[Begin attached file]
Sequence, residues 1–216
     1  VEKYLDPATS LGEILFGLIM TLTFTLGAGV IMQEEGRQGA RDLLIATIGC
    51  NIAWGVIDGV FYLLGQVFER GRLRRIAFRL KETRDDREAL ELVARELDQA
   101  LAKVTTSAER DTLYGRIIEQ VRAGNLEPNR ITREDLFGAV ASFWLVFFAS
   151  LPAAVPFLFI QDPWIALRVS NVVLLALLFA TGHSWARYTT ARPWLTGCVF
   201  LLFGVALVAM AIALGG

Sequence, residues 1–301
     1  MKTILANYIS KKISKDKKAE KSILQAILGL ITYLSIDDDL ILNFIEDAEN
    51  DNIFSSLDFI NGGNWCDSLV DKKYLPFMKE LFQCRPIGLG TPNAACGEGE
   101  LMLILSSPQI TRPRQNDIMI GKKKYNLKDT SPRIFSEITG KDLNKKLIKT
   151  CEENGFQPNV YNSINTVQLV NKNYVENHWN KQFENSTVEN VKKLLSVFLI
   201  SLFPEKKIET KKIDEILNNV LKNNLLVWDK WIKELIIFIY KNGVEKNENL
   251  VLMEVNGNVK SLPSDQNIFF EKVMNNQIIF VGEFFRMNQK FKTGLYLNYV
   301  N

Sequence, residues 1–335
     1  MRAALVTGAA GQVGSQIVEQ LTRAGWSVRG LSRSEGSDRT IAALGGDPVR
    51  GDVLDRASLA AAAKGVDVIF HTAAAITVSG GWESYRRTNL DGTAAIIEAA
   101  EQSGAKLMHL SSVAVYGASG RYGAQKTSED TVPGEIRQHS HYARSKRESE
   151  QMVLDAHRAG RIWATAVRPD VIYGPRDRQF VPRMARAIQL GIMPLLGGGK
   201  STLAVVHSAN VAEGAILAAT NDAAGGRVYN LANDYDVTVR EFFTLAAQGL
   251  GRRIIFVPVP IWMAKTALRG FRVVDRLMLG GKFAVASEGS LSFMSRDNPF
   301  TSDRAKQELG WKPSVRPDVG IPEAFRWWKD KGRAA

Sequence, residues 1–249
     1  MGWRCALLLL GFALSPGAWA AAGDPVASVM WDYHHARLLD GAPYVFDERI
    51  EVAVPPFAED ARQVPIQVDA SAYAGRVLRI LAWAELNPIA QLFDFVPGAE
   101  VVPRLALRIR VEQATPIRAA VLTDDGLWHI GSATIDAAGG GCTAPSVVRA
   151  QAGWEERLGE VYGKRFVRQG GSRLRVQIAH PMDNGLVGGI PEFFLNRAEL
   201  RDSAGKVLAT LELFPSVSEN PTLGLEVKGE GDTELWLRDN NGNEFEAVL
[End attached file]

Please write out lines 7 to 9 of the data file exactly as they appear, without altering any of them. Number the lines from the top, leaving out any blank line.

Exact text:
Sequence, residues 1–301
     1  MKTILANYIS KKISKDKKAE KSILQAILGL ITYLSIDDDL ILNFIEDAEN
    51  DNIFSSLDFI NGGNWCDSLV DKKYLPFMKE LFQCRPIGLG TPNAACGEGE